Nike continues to take legal action against independent companies that it alleges are copying its trademarked sneaker designs. This time, the target is John Geiger, a well-known customizer-turned-designer who launched his own lifestyle brand in 2017.
According to Law360, an amended complaint filed by Nike Thursday added John Geiger Collection LLC as a defendant to an existing lawsuit against Los Angeles-based La La Land Production & Design Inc. Nike claims that Geiger’s “GF-01” shoes infringe the trade dress of its Air Force 1 and that La La Land is helping manufacture the lookalikes.
“By marketing and selling shoes using Nike’s registered Air Force 1 trade dress, John Geiger knowingly and intentionally creates confusion in the marketplace and capitalizes on Nike’s reputation and the reputation of its iconic shoes,” Nike states in the complaint.
If the name La La Land Production & Design Inc. sounds familiar, you may remember it as the production company named in the Nike v. Warren Lotas lawsuit over his “bootleg” Dunk designs last year. While Nike’s lawsuit against La La Land is being expanded, it no longer includes Lotas, who settled with the company last December.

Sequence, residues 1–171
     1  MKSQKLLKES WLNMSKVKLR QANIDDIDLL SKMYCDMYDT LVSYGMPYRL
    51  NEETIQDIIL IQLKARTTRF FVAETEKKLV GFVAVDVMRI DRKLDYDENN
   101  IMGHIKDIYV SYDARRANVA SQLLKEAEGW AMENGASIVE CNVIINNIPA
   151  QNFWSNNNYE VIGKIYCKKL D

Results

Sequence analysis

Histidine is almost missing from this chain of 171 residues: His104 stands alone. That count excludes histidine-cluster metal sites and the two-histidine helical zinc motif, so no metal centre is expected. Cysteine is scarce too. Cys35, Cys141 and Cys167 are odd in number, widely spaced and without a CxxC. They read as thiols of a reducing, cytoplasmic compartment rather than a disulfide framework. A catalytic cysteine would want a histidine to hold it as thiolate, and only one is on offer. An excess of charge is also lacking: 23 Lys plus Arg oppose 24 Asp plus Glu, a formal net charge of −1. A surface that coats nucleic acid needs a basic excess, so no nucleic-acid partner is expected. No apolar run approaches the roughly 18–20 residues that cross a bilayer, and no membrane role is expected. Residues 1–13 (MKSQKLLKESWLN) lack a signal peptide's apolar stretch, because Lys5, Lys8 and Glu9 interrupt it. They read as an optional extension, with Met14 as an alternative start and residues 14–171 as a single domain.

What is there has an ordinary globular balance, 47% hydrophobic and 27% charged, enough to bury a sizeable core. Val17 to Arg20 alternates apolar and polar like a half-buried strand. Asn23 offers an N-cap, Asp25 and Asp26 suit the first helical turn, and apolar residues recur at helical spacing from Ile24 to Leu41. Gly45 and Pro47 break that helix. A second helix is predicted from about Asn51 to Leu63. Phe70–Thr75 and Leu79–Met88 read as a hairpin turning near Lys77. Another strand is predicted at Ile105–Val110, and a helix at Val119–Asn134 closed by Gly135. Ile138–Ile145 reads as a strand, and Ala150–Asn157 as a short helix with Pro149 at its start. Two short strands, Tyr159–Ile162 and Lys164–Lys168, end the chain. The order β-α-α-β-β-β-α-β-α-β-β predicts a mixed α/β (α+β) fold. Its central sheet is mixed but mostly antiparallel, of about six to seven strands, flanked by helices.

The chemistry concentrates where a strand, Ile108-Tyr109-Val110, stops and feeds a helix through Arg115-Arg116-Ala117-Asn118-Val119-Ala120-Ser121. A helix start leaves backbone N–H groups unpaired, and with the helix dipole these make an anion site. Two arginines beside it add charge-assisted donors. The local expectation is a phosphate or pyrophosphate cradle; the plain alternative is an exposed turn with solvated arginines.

La La Land has already responded to Nike’s latest move, having filed an amended counterclaim against the sportswear giant. It accuses the company of using “unduly aggressive, disproportionate, highly burdensome litigation strategies” to enforce “questionable” trade dress rights.
“Nike’s strategy aims to quash competition and intimidate legitimate businesses … that often lack the resources to defend themselves against such a well-resourced opponent,” said the manufacturer. “There is a bullying nature to these actions that chills creativity and lawful competition.”
Geiger himself took to Instagram to address the lawsuit on Friday evening. He suggests that Nike has benefited from the ideas of himself and other independent creators and gets candid about the inspiration behind the GF-01.
Prior to establishing his own brand, Geiger exploded onto the sneaker scene in 2015, when he linked up with sneaker customizer The Shoe Surgeon to produce “Misplaced Checks” Air Force 1s, authentic pairs of the model that were customized to feature a variety of Swoosh logos on the upper made of varying materials and textures.
Generally viewed as Nike’s most important sneaker, the Air Force 1 reportedly tallies more than $800 million in sales annually. In citing examples of market confusion, Nike pointed out its own authorized collaborations with designers and its Nike By You platform, which allows customers to design their own legit sneakers, including the Air Force 1. The complaint also included screenshots of Geiger’s Instagram activity, in which he acknowledged that the GF-01 is his version of the Air Force 1.